Every football season in the NFL, there is a player poised to set a new record. This past season Calvin Johnson was that man, setting a new record for total reception yards per season. With the increasing focus on quarterback and wide receiver performance in the league, it’s no surprise that a season reception yard record would eventually be broken. However, there are several NFL records that simply will never be broken. This list is of the Buchtelite’s top five.
Most Games 30 Points or More, Career: 2, Paul Hornung 1965
Yes, that’s right; in order to beat this record, you not only have to personally score 30 points in one game, but you also have to do it three times in your career. It’s important to note that this record can only be set by non-passing touchdowns, which thus excludes most quarterbacks. It also helps that Hornung not only played wide receiver, but also halfback and placekicker. Since he played three offensive scoring positions, it’s no wonder Hornung set the record and, in all likelihood, that it will never be broken.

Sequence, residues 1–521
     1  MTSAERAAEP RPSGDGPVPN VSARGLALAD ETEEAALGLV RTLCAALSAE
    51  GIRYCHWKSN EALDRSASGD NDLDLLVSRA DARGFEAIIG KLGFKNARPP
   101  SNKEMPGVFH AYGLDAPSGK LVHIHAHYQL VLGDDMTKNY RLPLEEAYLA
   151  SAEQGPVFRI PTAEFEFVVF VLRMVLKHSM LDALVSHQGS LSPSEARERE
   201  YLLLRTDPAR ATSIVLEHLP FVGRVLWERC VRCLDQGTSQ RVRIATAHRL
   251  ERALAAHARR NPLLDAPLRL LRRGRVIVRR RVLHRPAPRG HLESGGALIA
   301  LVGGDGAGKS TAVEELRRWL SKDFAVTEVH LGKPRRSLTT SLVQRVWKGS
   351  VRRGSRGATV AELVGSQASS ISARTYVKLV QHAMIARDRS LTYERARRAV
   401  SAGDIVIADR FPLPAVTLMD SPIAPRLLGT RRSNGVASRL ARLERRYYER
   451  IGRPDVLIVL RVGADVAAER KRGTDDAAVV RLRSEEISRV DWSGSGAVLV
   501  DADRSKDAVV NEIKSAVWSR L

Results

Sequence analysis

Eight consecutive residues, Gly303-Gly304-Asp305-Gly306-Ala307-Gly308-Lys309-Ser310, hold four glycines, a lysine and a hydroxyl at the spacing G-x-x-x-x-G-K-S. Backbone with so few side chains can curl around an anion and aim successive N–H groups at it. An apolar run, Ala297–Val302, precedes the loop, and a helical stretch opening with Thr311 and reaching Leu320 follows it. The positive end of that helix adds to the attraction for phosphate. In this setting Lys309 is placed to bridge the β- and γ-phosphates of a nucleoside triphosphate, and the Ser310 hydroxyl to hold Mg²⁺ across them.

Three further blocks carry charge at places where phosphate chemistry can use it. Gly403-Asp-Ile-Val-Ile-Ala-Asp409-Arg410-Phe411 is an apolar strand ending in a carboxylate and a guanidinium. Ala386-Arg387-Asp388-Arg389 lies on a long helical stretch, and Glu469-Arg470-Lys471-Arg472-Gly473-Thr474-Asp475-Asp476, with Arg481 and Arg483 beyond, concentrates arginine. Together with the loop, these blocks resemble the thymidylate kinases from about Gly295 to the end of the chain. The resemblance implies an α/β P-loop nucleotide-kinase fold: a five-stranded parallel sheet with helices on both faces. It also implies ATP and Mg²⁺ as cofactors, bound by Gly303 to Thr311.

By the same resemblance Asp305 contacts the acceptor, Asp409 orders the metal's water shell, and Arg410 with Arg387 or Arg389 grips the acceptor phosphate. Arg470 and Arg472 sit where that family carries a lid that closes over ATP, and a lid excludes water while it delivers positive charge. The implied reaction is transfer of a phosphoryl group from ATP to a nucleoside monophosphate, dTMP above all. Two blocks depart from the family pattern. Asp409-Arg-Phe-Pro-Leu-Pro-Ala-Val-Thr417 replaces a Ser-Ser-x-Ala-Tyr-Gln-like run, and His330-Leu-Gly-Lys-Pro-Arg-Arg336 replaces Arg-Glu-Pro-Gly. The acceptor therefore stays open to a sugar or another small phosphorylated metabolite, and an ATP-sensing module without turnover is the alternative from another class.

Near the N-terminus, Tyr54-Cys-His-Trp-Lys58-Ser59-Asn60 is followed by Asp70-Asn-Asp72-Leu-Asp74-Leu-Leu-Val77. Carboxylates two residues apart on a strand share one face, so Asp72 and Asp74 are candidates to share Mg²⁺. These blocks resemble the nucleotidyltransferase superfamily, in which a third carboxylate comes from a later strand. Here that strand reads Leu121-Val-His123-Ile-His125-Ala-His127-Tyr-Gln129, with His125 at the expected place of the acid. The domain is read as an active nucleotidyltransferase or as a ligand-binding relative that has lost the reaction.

Most Consecutive Road Victories: 18, San Francisco 49ers
This record may not seem impressive at first glance, but it is almost impossible to break in today’s NFL. In order to break this record any given team would have to win every away game for at least two straight seasons, as well as one game in a third season. With the constant player shuffling that happens in the NFL, and the home field advantage, this is a highly unlikely feat to overcome.
Consecutive Starts by a Quarterback: Brett Favre, 256
This is an absolutely unbelievable feat; after starting in Sept. 1992, Favre started every single game until the 2007 season. It’s hard to believe that any quarterback will last in the NFL for 15 years, let alone start every single game in that time frame. This makes Brett Favre’s consecutive starts record one of the most unlikely records to beat.
Most Consecutive Championship Games: 10, Otto Graham, Cleveland Browns
This might be a surprise to many readers, but the Cleveland Browns are considered to be the second-most successful franchise in NFL history when it comes to championships, and this is in large part due to the 1940s and 50s team led by quarterback Otto Graham. (The most successful team is the Green Bay Packers, who have been to 15 championships and won 10; the Browns have been to 11 and won eight.) Out of the 10 championship visits by Graham, seven were wins. With how the league is set up today, it isn’t likely that this record will ever be beaten by any one team or quarterback.
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